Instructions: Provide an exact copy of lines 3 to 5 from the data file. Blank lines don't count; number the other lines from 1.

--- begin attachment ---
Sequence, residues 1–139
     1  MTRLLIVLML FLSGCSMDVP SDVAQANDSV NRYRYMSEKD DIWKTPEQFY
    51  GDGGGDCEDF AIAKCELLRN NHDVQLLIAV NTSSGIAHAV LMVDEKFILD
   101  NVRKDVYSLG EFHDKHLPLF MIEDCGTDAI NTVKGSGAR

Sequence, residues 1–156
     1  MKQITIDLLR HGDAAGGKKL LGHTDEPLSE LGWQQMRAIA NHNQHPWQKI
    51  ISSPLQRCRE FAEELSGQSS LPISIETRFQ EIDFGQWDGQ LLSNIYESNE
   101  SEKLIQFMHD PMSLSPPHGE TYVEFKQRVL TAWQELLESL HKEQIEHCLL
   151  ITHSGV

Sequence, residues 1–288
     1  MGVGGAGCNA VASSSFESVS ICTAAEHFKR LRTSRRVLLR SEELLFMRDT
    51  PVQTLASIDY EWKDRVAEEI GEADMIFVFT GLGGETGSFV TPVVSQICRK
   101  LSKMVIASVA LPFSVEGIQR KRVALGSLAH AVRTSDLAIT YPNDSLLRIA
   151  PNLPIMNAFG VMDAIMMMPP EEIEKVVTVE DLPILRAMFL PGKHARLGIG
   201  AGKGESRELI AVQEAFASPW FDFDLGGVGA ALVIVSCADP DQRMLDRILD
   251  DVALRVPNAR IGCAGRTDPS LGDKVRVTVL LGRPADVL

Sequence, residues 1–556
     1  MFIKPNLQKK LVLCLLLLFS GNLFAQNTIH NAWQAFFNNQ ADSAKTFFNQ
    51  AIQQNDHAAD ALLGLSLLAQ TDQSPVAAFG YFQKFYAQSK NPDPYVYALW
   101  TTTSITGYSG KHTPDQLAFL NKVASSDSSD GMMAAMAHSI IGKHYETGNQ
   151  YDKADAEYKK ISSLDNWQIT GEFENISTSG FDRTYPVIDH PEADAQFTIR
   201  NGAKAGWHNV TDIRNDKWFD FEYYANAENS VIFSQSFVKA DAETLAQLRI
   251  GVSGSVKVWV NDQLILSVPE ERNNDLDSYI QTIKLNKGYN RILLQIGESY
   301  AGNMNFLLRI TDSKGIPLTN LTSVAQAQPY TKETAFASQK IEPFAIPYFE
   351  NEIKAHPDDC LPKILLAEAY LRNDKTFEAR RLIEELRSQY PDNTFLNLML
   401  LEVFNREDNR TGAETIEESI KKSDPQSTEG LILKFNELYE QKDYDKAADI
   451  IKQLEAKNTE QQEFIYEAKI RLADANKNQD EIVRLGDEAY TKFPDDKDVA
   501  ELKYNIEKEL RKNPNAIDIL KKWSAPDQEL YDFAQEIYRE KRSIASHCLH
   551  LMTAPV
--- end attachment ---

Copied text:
    51  GDGGGDCEDF AIAKCELLRN NHDVQLLIAV NTSSGIAHAV LMVDEKFILD
   101  NVRKDVYSLG EFHDKHLPLF MIEDCGTDAI NTVKGSGAR

Sequence, residues 1–156